If you have a dissociative disorder, emotions can suck. Parts can experience too much or too little, and you have a lifetime of practice detaching from your feelings as a defense mechanism.
To help yourself, and ultimately to heal, you first have to be able to identify your own emotions. Here’s how we do it in therapy.
As with any mental health work, it’s significantly easier if your body isn’t anxious. Grab your favorite relaxation tool (deep breathing, grounding, etc) and take a few minutes to find some chill.
Start at the top.
There are a handful of core emotions that most people can identify: happiness, sadness, anger, fear, and confusion. A feeling of “I’m sad” or “I want to cry” is a start, but on it’s own, isn’t enough information. Especially if your inner communication skills aren’t strong enough to help you figure out where the feeling is coming from.
Focus on the emotion, don’t push it away.
Be prepared: strong emotions create strong physical responses. You might tense up, your breathing can get shaky, and you may start to feel overwhelmed.
Scan the emotion lists below and look for words that more accurately describe the feeling. Capture the emotion name, ideally in a journal, along with any connected feelings.
You might realize “sadness” is more accurately “unloved”, or fear is really “apprehensive”.
There will likely be a few words that jump out at you, and these emotions are far more likely to be actionable.
Now that you’ve got a good idea what the feeling IS, ask yourself (and your other parts) why they feel this way. And keep asking! Emotions are like ogres and onions, they have layers. Peeling back “sad” to “unloved” might lead you to “rejected” or “left out”, or any number of other things. Ask “why” until you feel like you’ve found the root cause of the feelings, and that you understand them.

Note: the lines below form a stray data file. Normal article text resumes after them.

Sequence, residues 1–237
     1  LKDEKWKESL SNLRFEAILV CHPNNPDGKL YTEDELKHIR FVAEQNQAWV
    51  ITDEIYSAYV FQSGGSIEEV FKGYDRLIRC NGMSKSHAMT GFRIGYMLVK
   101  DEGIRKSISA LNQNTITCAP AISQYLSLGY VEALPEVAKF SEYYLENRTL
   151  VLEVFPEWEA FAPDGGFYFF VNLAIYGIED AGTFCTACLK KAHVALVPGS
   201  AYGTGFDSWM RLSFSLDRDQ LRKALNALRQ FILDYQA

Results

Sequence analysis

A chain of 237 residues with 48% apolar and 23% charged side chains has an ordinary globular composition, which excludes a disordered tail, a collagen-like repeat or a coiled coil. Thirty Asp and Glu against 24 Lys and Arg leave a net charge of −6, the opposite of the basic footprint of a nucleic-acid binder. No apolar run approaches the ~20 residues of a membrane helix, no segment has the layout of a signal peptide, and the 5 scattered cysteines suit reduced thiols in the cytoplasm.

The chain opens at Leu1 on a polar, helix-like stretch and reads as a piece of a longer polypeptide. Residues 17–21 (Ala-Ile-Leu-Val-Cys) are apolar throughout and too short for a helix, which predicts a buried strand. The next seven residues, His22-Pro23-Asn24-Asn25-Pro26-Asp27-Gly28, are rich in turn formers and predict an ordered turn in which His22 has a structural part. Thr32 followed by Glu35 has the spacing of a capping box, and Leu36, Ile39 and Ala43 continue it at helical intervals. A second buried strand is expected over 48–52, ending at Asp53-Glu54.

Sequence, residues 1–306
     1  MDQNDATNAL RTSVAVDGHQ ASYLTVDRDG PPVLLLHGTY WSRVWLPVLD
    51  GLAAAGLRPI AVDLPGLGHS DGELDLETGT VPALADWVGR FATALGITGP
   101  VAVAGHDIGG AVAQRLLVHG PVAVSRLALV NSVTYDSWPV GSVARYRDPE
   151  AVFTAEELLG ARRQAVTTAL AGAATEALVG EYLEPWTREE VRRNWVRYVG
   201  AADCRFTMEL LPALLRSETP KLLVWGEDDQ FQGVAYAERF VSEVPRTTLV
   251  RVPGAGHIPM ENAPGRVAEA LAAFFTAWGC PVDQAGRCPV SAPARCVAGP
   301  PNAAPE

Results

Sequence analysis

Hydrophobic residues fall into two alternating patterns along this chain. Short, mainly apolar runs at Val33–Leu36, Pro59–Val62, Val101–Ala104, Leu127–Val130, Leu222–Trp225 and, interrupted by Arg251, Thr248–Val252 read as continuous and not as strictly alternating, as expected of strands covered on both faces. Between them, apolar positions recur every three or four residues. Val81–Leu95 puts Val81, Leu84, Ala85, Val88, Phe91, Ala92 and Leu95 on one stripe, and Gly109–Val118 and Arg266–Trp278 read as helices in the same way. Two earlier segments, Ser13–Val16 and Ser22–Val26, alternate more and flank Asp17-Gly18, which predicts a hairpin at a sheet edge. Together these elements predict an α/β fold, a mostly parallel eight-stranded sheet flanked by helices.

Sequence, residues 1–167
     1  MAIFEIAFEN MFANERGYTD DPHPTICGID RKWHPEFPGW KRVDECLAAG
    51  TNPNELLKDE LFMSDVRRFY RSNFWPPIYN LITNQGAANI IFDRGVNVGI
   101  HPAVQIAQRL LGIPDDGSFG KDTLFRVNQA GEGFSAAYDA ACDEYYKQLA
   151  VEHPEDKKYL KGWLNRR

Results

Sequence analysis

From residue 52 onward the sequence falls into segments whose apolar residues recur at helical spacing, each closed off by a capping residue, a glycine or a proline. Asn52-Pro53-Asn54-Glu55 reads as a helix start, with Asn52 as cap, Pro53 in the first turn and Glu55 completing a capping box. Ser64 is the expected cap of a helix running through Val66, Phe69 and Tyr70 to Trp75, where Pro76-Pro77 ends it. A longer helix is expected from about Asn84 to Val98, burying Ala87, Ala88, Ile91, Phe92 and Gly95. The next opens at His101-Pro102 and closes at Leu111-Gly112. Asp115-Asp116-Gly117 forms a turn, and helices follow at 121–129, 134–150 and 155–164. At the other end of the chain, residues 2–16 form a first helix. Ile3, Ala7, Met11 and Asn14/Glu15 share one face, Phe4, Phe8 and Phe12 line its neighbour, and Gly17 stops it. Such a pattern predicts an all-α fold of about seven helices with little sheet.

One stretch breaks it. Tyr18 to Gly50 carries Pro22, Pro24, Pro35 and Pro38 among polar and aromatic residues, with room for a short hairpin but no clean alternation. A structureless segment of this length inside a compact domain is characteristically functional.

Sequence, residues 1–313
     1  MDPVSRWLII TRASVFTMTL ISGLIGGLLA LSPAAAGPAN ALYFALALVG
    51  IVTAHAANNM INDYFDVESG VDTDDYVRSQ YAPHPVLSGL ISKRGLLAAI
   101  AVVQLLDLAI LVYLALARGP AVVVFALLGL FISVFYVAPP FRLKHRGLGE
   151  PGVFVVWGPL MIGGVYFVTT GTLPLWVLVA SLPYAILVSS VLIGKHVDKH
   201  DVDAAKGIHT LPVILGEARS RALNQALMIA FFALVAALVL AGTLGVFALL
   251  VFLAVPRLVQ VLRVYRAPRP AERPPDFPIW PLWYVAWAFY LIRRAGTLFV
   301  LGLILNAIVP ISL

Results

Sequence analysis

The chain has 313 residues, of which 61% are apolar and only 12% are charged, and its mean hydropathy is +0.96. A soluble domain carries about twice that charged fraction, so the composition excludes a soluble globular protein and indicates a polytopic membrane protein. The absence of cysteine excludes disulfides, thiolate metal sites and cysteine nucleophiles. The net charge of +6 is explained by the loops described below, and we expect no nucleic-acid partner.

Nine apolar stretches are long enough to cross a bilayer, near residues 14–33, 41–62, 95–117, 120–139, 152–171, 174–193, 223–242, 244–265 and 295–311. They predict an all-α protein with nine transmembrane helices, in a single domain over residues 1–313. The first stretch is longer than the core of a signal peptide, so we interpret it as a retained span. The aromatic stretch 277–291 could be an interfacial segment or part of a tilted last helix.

Emotions need to be felt to be resolved. Sticking them in a box doesn’t work long-term. Processing strong emotions is best handled in therapy. Even if you can’t do that right now, you CAN validate that the feeling exists and is justified.
Your emotions occur for a reason, and acceptance without aversion is a large step towards healing.
Grounding, breathing exercises, meditation, you know the drill by now. You’re probably drowning in painful emotions, and these tools are like a dial. You can safely turn the volume on your emotions down, without disconnecting from them via dissociation.
Claude Steiner, a pretty smart guy, said:
Emotional literacy is made up of the ability to understand your emotions, the ability to listen to others and empathize with their emotions, and the ability to express emotions productively. To be emotionally literate is to be able to handle emotions in a way that improves your personal power and improves the quality of life around you.
Like everything else, this gets easier the more you practice. You’ll be able to do it without the relaxation, on the fly, whenever you’re start feeling emotions. And being able to identify your emotions quickly and correctly is a really, really nice skill to have in your toolbox.